(This post is a work in progress, but I wanted to post it to get the info out there.)

I have stage 4 unresectable pancreas ductal adenocarcinoma. In September 2018 when I was diagnosed, my life expectancy was 3 to 6 months with treatment. This site is about my long term survival, 3 years and counting.   I will cover the research I have done, how it impacted my treatment choices, and what has changed over time. I’ll include some personal stories, and struggles. I’ll also cover my methodology and advice on how others facing similar circumstances can take control of their own treatment.

Full disclosure, I am NOT a medical professional. Any suggestions I give should be discussed with qualified medical professionals. When ever possible I will provide links to the relevant medical research, so you and your doctors can have the facts, to facilitate productive conversations.

A bit about me, I diagnose and solve problems in complex systems for a living. I have been running an IT business focused on that skill set for more than 20 years. So when I was told my body wasn’t working right, I dove in to solve the problem(s). Using the same process I have developed to diagnose and fix novel problems in complex IT configurations, I set out to find the best solutions to provide me with the best life possible.

Below is my process:

Step 1 – gather info, what is wrong and how is it affecting other parts of the system (my body).

  • I had blood clots causing pore blood flow to some of my organs.
  • I was losing weight do to malabsorption, caused by my pancreas not producing the digestive enzymes my digestive track needs to function properly.
  • My liver wasn’t functioning properly. My liver numbers were elevated, indicating damage to my liver.

Step 2 – identify points of potential catastrophic failure. What is likely to kill me?

  • Bood clots in bad places. Like many metastatic cancers, blood clots, in the lungs and brain are possibly.
  • Insufficient fuel and nutrients. Pancreatic cancer is often a wasting disease, marked by extreme weight loss and fatigue.
  • Liver failure, this is another common cause of death with pancreatic cancer.
  • Kidney failure, like many chemotherapy treatments, treatment for pancreatic cancer can damage your kidneys.
  • Sepsis, an internal infection that can cause severe organ damage, it is also a common cause of death in pancreatic cancer patients.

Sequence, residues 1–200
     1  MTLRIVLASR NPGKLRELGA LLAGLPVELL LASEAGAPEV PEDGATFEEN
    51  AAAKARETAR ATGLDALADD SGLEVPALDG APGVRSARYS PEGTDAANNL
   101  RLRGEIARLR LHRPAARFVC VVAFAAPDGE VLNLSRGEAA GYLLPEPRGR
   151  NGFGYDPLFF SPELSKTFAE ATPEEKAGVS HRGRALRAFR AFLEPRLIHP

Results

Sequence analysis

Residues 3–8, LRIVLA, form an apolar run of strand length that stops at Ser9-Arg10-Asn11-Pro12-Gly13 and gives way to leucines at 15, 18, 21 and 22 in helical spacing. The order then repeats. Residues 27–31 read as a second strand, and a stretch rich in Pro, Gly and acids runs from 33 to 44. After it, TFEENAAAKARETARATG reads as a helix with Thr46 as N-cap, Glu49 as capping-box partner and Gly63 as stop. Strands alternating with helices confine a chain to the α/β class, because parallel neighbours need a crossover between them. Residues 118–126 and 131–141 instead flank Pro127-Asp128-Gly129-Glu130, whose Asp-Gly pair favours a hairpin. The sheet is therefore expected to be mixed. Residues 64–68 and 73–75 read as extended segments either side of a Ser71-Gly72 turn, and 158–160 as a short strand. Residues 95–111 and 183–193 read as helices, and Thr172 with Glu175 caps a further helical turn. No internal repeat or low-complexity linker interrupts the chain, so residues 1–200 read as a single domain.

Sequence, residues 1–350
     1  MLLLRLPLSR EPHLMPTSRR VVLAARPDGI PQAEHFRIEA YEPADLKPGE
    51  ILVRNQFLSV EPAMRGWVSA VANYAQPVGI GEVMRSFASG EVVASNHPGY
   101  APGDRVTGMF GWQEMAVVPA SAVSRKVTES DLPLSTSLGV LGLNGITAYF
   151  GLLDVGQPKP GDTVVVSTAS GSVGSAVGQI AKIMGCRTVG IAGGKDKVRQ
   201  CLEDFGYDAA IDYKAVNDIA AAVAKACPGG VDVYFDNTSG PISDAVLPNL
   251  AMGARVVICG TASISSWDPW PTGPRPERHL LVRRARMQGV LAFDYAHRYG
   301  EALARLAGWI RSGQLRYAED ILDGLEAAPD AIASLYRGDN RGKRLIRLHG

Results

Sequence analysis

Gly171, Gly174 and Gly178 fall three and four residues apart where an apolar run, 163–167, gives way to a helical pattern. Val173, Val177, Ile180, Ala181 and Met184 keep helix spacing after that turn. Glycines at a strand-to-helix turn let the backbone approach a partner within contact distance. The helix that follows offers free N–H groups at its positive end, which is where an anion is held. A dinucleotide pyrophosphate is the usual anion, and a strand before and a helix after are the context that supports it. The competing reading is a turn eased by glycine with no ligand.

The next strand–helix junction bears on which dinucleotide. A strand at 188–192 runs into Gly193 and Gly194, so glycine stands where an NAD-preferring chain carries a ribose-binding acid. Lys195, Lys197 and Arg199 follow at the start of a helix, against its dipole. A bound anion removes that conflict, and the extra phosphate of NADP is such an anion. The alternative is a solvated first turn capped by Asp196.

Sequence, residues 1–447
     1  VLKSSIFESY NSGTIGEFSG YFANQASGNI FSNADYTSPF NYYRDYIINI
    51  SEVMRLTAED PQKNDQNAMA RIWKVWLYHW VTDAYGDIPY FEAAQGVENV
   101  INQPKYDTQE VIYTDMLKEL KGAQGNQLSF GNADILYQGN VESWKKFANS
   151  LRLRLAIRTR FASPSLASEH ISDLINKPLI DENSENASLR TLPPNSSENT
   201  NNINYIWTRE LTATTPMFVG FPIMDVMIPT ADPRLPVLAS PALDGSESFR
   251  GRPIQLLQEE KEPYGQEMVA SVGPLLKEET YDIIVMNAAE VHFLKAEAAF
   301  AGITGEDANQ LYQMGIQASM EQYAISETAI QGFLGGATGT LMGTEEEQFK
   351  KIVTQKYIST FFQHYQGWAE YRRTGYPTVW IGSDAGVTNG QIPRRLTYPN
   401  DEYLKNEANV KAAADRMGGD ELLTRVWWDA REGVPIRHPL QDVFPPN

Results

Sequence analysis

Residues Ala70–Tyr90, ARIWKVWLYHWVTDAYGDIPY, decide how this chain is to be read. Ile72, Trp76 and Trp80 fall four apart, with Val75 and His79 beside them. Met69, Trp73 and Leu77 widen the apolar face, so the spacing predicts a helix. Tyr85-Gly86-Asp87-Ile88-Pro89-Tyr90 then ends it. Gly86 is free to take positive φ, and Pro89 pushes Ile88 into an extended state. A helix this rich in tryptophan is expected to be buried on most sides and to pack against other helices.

• Uncontrolled diabetes, like many with pancreatic cancer, I had started to show signs of diabetes.

Step 3 – Identify steps and treatments to mitigate symptoms and all possible catastrophic failures.

  • Blood clots – start taking a blood thiner, in my case Eliquis link to study
  • Insufficient Fuel and Nutrients – start taking digestive enzymes. This is a big key to surviving pancreatic cancer, because one of your main challenges is staying healthy enough to continue treatment. When I was first diagnosed I had to take in large amounts of food and digestive enzymes in order to just maintain my weight. Link to study
  • Liver Failure – limit intake of compounds know to  cause damage to the liver, also if appropriate get radiation to control and/or limit liver damage from tumor growth.
  • Kidney Failure – drink plenty of the right kind of liquids. Get saline infusions when liquid intake is difficult.
  • Sepsis – practice good hygiene, pay attention to signs of mild infections, take Doxycycline
  • Uncontrolled Diabetes – this is a tough one as maintaining weight in my opinion is more important than controlling high blood sugar and its long term effects. I take metformin and glimiprid and monitor my blood sugar. I also eat plenty of protein and high fat foods, but I do eat large quantities of complex carbohydrates. Most problems from moderately high blood sugar are long term problems, not being able to continue treatment is a short term problem. When/If I drive the cancer into remission I’ll worry about the long term health issues.

Step 4 – identify appropriate treatment options to arrest disease progression, rate by effectiveness, side effects, and risk.

  • Folfirinox
  • Gemzar
  • Folfiri
  • Radiation
  • Xeloda
  • Radiation with Xeloda
  • Other drugs with anti cancer records.

Step 5 – read up on long term survivors with similar diagnosis, go back to step 3 and repeat.